Amid 'Pokemon Go' craze, hospitals say game players could jeopardize patient safety

The game encourages users to enter hospitals, other institutions

Hospitals around the nation are urging players of the popular mobile game "Pokemon Go" not to enter their facilities or gather on their campuses for the purpose of "catching" Pokemon.

Screenshot of "Pokemon Go"

"Pokemon Go" is a smartphone app that uses the phone's GPS and camera to allow users to search for virtual Pokemon characters in the real world, making it appear as if the Pokemon are actually near game players. Pokemon can appear anywhere, such as in schools, businesses, and even private residences. The players then go to that location to catch the Pokemon.

The game was released only about a week ago, but already it has been downloaded millions of times on Apple and Android devices and is causing crowding and safety concerns at some hospitals as players flock to catch the Pokemon.

At Utah Valley Hospital, the game has directed players to areas near the hospital's helipad, which can be dangerous for both patients and players, and to other locations in and around the hospital.

Janet Frank, a hospital spokesperson, said, "If there are extra people who are here not for a patient care reason, then that can cause problems," adding that players should stay outside of the hospital. "If there was a big group of people [entering the hospital], then that could be very concerning."

Larry Daly, a spokesperson at Covenant Healthcare in Michigan, said the hospital had seen an influx of people coming inside the hospital to catch Pokemon. "Covenant prohibits entry into the hospital to hunt for Pokemon," he said in a statement, adding that the hospital's "security department and the local police have been alerted to this situation."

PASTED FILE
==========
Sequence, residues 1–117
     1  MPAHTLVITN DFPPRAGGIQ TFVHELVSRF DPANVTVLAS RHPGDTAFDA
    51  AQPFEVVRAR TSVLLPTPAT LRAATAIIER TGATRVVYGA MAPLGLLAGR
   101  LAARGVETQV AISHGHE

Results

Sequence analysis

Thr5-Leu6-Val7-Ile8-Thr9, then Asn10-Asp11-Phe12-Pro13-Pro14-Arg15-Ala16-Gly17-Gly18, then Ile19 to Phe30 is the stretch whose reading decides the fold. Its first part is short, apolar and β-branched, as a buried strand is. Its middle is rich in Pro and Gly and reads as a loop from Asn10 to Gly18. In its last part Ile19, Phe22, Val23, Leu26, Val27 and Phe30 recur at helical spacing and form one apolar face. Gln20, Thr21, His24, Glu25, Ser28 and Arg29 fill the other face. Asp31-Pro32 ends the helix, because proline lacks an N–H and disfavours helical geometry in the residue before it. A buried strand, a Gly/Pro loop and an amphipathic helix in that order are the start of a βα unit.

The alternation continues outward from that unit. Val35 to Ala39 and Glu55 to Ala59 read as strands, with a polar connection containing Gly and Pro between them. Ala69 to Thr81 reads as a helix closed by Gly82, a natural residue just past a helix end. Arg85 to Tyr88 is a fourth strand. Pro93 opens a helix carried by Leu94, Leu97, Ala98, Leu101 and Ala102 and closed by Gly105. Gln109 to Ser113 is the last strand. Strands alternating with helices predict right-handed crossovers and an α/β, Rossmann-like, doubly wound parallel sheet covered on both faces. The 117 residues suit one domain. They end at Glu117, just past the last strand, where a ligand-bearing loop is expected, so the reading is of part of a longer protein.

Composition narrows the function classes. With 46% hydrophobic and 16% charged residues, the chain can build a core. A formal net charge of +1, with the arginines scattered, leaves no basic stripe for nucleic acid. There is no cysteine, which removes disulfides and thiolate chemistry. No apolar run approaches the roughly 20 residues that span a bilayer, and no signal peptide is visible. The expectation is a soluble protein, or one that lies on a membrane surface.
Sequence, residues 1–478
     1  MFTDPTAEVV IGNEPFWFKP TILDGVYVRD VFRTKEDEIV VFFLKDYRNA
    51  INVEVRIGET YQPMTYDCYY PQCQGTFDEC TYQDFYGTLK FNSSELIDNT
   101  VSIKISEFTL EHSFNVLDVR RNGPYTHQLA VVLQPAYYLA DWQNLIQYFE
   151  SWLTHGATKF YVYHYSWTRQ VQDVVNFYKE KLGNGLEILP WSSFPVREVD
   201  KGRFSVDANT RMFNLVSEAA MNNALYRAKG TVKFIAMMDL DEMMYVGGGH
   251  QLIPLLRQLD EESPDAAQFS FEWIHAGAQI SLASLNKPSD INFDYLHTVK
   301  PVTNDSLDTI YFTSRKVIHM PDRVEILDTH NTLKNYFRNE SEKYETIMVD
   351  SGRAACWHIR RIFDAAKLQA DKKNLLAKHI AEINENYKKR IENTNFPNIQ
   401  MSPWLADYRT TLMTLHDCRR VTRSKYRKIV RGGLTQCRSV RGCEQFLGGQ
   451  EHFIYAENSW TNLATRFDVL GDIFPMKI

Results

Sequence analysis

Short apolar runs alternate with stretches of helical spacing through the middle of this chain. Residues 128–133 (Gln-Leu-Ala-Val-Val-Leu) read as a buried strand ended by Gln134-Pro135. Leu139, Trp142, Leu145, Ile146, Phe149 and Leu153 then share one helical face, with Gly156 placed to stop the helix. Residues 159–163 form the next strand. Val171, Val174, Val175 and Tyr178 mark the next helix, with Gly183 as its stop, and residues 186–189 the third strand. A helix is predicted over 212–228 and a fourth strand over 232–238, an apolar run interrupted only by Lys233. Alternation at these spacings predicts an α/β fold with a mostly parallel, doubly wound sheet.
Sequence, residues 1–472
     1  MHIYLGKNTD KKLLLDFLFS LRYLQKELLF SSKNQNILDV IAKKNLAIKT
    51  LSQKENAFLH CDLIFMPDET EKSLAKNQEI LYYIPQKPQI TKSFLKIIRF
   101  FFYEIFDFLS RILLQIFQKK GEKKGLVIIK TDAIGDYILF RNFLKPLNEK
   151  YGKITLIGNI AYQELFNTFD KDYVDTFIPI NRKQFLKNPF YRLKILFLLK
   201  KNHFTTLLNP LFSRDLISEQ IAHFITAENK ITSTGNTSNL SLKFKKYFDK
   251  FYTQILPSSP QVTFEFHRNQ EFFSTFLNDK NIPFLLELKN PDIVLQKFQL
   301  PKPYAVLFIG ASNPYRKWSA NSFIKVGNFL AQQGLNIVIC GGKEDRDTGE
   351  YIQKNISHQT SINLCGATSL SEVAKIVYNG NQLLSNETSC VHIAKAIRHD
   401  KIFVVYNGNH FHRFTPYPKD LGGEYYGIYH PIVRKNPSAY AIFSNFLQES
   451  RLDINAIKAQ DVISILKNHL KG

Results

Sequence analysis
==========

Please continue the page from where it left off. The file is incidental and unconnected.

"Our patients need their rest, and protection from germs," Daly said. "We hope parents help children understand the seriousness of this issue and only allow children to enter Covenant facilities when they are appropriately visiting patients."

Other facilities, including the Holocaust Museum and Arlington National Cemetery, have also asked people to stop playing the game on their grounds.

Players have been injured

Several reports indicate that players have sustained injuries while attempting to catch Pokemon.

The game does warn players to be "remember to be alert at all times" and to "stay aware of your surroundings."

Even so, according to the Washington Post's "The Switch," one "Pokemon Go" user reported ending up the ED after slipping and falling down a ditch while playing the game. The user reportedly fractured the fifth metatarsal bone in his or her foot. "Watch where you're going, folks," the user wrote on Reddit.

The Associated Press reports that other players have twisted their ankles, walked into trees, and cut their hands while their eyes were glued to the app on their smartphone screens.

"As an upside," Ryan Nakashima writes for the Associated Press, "players get more exercise than usual" as they walk around searching for Pokemon.

Some hospitals have also noted that the game has encouraged kids to be more active:

And Sunnybrook Hospital tweeted, "We love that #PokemonGO encourages exercise! Remember: stay alert & safe. Can’t catch 'em all from a hospital bed" (Punke, Becker's Hospital Review, 7/12; Jordan, Michigan Live, 7/12; Dodson, Daily Herald, 7/12; Abad-Santos, Vox, 7/13; Hersher, "The Two-Way," NPR, 7/12; Tsukayama, "The Switch," Washington Post, 7/10; Nakashima, Associated Press, 7/8; Jula, New York Times, 7/11).

Another way to keep patients safe: Engage your care staff

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Crazes like "Pokemon Go" may come and go, but one thing that remains constant is the importance of ensuring that frontline nurses are engaged in their work, committed to their organization's mission, and capable of delivering high-quality care in a complex and constantly changing environment.

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